What are tempeh benefits and side effects every ethical consumer must know? Here are tempeh pros and cons and how buying it will impact your health, the environment, animals and laborers.
Food is something we consume every day and if you’re like me, you do all the research you can to make sure you don’t hurt yourself, the planet, animals or others when shopping. As an ethical consumer myself, I am giving you all the info I’ve found on tempeh benefits and side effects.
You are going to learn all about tempeh benefits and side effects. This will include tempeh benefits for your health and potential risks, tempeh water footprint and tempeh carbon footprint, tempeh sustainability, if tempeh is vegan or impact animals in other ways, and much more.
After learning if tempeh is good or bad for you, the environment, animals and human rights, you will be prepared to make the best choices you can the next time you buy food.
This post is all about tempeh benefits and side effects that every ethical consumer should know.
Must-Know Tempeh Benefits And Side Effects
Tempeh health benefits include:
- boosted metabolism
- decreased hunger
- increased feelings of fullness
- better digestion and nutrient absorption
- combat free radicals
- bone strength, density and bone loss prevention
- lower cholesterol levels
- less inflammation
- reduced risk of diseases including diabetes, heart disease and cancer
- reduced eczema symptoms
- weight loss
Great news! There are no major or notable tempeh side effects. However, those with a soy allergy or impaired thyroid function should limit their consumption of tempeh.
Additionally, tempeh is…
- Alkaline pH level once digested
- Gluten Free
- Common Food Allergen: SOY
- A Fermented Food
- A Low-FODMAP Food
Water footprint: likely low, 2,145 liters of water used to produce 1 kilogram of soybeans / 257 gallons of water used to produce 1 pound of soybeans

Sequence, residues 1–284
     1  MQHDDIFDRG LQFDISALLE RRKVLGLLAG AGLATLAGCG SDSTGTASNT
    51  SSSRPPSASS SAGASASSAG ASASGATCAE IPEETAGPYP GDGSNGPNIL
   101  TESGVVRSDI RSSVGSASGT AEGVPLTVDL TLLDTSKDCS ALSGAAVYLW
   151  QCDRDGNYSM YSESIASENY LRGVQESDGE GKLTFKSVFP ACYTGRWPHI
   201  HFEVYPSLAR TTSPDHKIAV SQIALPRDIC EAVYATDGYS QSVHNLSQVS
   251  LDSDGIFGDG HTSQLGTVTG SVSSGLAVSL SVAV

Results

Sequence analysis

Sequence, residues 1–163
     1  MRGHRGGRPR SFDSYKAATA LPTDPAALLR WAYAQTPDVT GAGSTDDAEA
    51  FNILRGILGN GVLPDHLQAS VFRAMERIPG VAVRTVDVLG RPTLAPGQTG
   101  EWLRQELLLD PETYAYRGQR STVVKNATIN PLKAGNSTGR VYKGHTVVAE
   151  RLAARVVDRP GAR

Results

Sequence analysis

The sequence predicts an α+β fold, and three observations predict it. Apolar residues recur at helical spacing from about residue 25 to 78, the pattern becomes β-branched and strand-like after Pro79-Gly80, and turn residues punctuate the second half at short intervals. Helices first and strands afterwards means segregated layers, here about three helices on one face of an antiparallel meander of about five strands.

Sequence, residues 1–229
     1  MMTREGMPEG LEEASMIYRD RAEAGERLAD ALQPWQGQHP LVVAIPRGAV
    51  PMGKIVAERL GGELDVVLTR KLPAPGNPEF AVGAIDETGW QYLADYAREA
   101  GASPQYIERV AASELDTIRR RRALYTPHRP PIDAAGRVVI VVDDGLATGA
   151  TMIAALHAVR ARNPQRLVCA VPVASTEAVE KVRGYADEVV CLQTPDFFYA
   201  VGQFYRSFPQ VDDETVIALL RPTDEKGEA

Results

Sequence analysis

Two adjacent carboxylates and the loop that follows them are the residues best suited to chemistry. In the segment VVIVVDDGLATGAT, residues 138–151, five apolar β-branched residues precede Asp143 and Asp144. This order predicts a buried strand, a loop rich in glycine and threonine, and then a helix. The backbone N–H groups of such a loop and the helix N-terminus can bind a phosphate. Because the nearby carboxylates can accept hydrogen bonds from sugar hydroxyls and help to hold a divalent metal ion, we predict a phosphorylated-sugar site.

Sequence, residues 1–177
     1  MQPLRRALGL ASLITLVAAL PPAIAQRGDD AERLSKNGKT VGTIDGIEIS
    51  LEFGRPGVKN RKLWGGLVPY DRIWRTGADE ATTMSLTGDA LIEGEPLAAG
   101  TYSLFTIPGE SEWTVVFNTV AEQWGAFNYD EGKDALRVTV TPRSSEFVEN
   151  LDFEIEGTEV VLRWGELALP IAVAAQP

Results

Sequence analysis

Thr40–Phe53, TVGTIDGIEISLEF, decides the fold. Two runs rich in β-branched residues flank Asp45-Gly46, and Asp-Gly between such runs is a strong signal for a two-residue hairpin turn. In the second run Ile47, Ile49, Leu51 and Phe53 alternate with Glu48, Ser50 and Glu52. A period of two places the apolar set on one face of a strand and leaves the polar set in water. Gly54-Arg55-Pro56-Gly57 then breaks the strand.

Carbon footprint: likely moderate, 2.0 kg CO2e to produce 1 kilogram or 2.2 pounds of soybeans, a car driving equivalent of 5 miles or 8 kilometers
Destruction: moderate, the two top producing soya producing countries are the US and Brazil, together they produce about 64% of the world’s supply, soya is Brazil’s biggest export by value, there are serious concerns about how much of it is behind deforestation in the Amazon and surrounding regions, however most of the world’s soya is fed to livestock, only 6% of it is eaten directly by humans, eating soy is much better for the environment than eating animal products, soya may also be planted on Amazon land previously deforested for cattle, be sure to buy organic, as pesticides contaminate soil, water, air, etc., for soy it is best to buy products sustainably grown and not products of Brazil
- Sustainable, unless soy is a product of Brazil (Amazon)
Kills: none, tempeh production does not require any animals to be killed
Harms: none, tempeh production does not require any animals to be used
Indirectly kills or harms: none, no animals are indirectly killed or harmed from tempeh production as long as toxic chemicals have not been used, be sure to buy Non-GMO/organic, as pesticides harm and kill wildlife and ecosystems by contaminating soil, water, air and plants that animals eat
- Harmful to wildlife and ecosystems unless organic
Health and safety: varies, overall, agriculture continues to be one of the most dangerous industries, farmworkers may be subject to dehydration, heat stroke, unprotected exposure to harmful, toxic chemicals and pesticides, unsafe machinery and clean drinking water may not always accessible
Living conditions: varies, laborers are often exploited, they may face tough working conditions including long hours in the sun and heat performing physically exhausting tasks, labor laws and rights may or may not be in place, even if worker protection exists, employer violations may go unreported, refugees and migrant workers are especially vulnerable to abuse and mistreatment, fearing consequences of job loss or deportation
Wages: varies, generally farmworkers earn meager wages, there are many cases of underpaid agricultural workers, wage theft and no overtime payment or benefits
- May involve worker exploitation, laborer issues, human rights concerns
Worldwide, the United States produces the most soy followed by Brazil, Argentina, China, India, Paraguay, Canada and Ukraine.
In the United States, Iowa reported the largest number of acres planted to certified organic soybeans followed by Minnesota and Michigan.
98% percent of soybean meal is used for animal feed (poultry, hogs and cattle mostly) and only 1% is used to produce food for people. Around 70% of soybeans grown in the United States are used for animal feed, poultry being the number one livestock sector consuming soybeans, followed by hogs, dairy, beef and aquaculture.